Author: Rishika Singh, Associate Fellow, Centre for Air Power Studies
Keywords: FDI, Nuclear Energy, NITI Aayog, Department of Atomic Energy, Energy Transition
On May 5, 2023, a NITI Aayog panel recommended to the Government of India to allow Foreign Direct Investment (FDI) into India’s atomic sector. India is an attractive destination for FDI, and the total FDI inflow in the country in FY 2022 (April-December) was US $55.27 billion. The top emerging investors have been Singapore, the USA, Mauritius, the Netherlands, and Switzerland. The Consolidated FDI Policy of the Government of India prohibits foreign investment in the atomic energy sector. In contrast, there is no restriction on FDI in the industry for manufacturing nuclear equipment and parts for nuclear power plants and other related facilities. The subject of ‘nuclear energy’ is governed by India’s Atomic Energy Act 1962, and the Government of India plays a pivotal role in the development, operation, and decommissioning of nuclear facilities. Currently, the role of domestic private companies is restricted to the supply of equipment components and assistance in construction.
There is a rapid expansion aspired for nuclear energy, as India plans to generate nine per cent of its electricity from nuclear energy by 2047, according to a statement by Union Minister Jitendra Singh in April 2023. At the same time, the Indian government has repeatedly expressed its intention to push the pedal on the clean energy transition on various global platforms. India’s national statement at 27th Conference of Parties (COP27) of the United Nations Climate Change Conference highlighted its “long-term low-emissions growth strategy with low carbon transition pathways in key economic sectors.” Previously, at COP26, PM Narendra Modi had committed to reaching net zero emissions by 2070. In Bali, at the G20 meeting, PM Modi pledged that half of India’s electricity would be generated by renewable energy by 2030. India has paved its decarbonisation strategy by prioritising the adoption of reliable and clean technologies consisting of renewable and nuclear energy.
The recommendation by the NITI Aayog panel enables domestic and foreign private companies to complement and increase nuclear power generation. Nuclear power has zero carbon emissions and can support a developing India’s baseload power demand. The Department of Atomic Energy (DAE) said that foreign companies such as Westinghouse Electric, GE-Hitachi, Electricite de France, and Rosatom had expressed interest in India’s nuclear power projects as technology partners, suppliers, contractors, and service providers.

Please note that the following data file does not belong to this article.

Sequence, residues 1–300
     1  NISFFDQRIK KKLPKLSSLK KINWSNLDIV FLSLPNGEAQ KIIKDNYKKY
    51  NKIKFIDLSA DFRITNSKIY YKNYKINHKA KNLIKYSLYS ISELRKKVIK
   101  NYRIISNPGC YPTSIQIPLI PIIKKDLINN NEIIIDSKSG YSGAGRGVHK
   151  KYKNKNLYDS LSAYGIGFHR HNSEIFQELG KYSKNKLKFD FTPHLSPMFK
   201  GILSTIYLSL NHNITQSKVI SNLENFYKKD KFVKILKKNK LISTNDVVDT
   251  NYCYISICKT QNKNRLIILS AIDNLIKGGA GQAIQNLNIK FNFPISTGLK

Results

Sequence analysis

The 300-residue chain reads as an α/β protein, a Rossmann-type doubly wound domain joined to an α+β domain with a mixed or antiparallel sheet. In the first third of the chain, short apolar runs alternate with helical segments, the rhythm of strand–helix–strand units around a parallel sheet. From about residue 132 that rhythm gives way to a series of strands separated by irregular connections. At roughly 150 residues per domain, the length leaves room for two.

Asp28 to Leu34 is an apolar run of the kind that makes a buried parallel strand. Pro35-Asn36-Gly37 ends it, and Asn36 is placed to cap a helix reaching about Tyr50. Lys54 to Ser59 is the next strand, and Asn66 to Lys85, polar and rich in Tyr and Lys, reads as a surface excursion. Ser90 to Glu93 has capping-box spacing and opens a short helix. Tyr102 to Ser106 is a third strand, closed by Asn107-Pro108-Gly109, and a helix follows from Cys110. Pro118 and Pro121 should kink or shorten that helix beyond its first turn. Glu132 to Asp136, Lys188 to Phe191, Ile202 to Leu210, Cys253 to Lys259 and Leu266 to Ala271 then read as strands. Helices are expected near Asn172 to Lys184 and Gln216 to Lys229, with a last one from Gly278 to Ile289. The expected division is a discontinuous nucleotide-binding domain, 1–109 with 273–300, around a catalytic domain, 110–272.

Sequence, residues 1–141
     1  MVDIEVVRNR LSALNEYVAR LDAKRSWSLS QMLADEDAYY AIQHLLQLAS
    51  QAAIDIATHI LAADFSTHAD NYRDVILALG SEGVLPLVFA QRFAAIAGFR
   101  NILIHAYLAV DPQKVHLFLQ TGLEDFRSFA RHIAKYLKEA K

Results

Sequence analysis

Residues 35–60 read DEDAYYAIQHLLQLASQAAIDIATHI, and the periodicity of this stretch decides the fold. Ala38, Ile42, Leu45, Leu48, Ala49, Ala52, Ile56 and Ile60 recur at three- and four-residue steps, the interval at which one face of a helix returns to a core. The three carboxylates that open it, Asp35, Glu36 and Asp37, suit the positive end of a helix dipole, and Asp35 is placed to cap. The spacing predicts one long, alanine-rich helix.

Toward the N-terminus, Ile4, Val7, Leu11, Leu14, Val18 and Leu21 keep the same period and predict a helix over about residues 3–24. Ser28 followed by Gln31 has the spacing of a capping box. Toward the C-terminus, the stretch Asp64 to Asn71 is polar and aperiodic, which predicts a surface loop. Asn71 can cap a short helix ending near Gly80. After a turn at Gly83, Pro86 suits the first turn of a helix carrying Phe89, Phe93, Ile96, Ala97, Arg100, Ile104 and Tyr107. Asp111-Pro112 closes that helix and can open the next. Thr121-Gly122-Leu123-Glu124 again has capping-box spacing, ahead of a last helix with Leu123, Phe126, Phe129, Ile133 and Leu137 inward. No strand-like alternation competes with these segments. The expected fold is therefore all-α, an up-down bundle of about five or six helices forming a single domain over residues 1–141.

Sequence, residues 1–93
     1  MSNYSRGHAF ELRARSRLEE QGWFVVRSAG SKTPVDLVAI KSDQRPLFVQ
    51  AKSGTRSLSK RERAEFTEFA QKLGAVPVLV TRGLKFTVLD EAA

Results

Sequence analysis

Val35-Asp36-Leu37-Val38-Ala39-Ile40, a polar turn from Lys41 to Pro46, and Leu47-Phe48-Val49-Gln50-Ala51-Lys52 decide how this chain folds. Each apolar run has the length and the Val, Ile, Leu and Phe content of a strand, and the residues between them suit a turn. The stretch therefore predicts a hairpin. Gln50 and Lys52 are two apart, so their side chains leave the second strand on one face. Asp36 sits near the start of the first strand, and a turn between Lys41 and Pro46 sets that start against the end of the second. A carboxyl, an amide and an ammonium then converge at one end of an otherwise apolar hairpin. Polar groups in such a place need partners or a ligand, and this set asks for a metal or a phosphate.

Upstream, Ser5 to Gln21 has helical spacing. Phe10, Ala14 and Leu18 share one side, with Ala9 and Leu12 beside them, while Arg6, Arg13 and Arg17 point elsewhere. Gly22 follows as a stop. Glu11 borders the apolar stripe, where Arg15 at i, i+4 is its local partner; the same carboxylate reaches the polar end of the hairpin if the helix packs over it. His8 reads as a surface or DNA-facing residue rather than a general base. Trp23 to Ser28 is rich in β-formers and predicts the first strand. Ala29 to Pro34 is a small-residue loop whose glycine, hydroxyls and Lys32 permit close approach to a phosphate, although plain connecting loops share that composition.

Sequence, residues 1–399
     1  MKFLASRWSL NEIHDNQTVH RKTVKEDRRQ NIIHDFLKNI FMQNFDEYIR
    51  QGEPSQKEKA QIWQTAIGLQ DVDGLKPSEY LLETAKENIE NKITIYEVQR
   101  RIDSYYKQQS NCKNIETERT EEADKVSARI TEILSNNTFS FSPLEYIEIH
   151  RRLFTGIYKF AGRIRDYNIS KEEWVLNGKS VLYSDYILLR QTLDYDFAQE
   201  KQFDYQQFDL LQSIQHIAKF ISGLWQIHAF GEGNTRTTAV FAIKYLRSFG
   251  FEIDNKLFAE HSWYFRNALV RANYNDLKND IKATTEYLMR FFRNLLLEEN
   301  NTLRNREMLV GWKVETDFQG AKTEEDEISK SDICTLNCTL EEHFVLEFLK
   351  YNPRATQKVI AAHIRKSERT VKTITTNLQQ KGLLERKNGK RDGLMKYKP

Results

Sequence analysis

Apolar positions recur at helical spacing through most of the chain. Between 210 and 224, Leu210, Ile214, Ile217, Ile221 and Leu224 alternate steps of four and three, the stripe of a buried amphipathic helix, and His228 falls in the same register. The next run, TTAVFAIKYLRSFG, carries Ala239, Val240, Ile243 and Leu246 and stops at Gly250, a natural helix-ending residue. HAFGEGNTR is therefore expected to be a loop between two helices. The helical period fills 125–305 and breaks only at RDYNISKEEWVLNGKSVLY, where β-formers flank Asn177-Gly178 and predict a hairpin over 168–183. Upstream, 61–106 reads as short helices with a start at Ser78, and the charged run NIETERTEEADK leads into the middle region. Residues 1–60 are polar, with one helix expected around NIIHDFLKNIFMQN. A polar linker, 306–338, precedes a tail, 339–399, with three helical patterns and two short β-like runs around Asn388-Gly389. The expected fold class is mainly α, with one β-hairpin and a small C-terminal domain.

The question of allowing FDI into the atomic energy sector was previously raised in Parliament in February 2020 and February 2023. But the government rejected the idea. Presently, the only foreign collaboration in building nuclear power plants is with Russia. But this is an Inter-Government Agreement (IGA) to build Kudankulam Nuclear Power Plant (NPP), which is not categorised as an FDI. India has such IGAs for cooperation in peaceful uses of nuclear energy with seventeen countries.
Several new developments, however, have been taking place in India’s nuclear energy sector. For example, in November 2022, Union Minister Dr. Jitendra Singh called upon the private sector and start-ups for critical technology development of small modular reactors with up to 300MW capacity to realise India’s clean energy transition. Another significant development took place on May 1, 2023, when National Thermal Power Corporation (NTPC) and Nuclear Power Corporation of India Ltd. (NPCIL) signed a supplementary Joint Venture (JV) agreement to develop two of the ten fleet-mode NPPs in Chutka, Madhya Pradesh, and Mahi Banswara, Rajasthan. In addition, the government amended the Atomic Energy Act 1962 in 2015 to enable the JV of Public Sector Enterprises to set up nuclear power projects to boost domestic investment. These developments are in line with India’s clean energy commitments to achieve a net zero emission target by 2070. They are also indicative of the government’s eagerness to accelerate the nuclear power programme. Moreover, they highlight the policy push by the government to move the nuclear energy sector from an ‘exclusive to inclusive’ approach, with the proposed inclusion of the private sector, foreign companies, and JV agreements.
Against this backdrop, it is imperative to evaluate the complexities and possible challenges that can emerge from permitting FDI in the nuclear energy sector in India. Firstly, the perceived complexity of the Civil Liability for Nuclear Damage Act 2010 would need further clarification by the international nuclear community, including the application of the liability regime to emerging nuclear technologies like small modular reactors and advanced reactors.
Secondly, the Indian NPPs are owned, operated, and managed exclusively by Nuclear Power Corporation of India Ltd. (NPCIL) and Bharatiya Nabhikiya Vidyut Nigam (BHAVINI), which are government owned companies under the administrative control of the Department of Atomic Energy (DAE). Therefore, thorough deliberation is required to assess the roles of domestic private companies and foreign companies as NPP operators. While such a scenario of a private entity as an NPP operator is widely practised in the West, it will require India to develop new protocols and processes, including on the regulatory and licensing fronts.
While the two developments that have taken place this month might take time to be implemented, they do show a renewed focus on nuclear energy as part of the clean energy transition.
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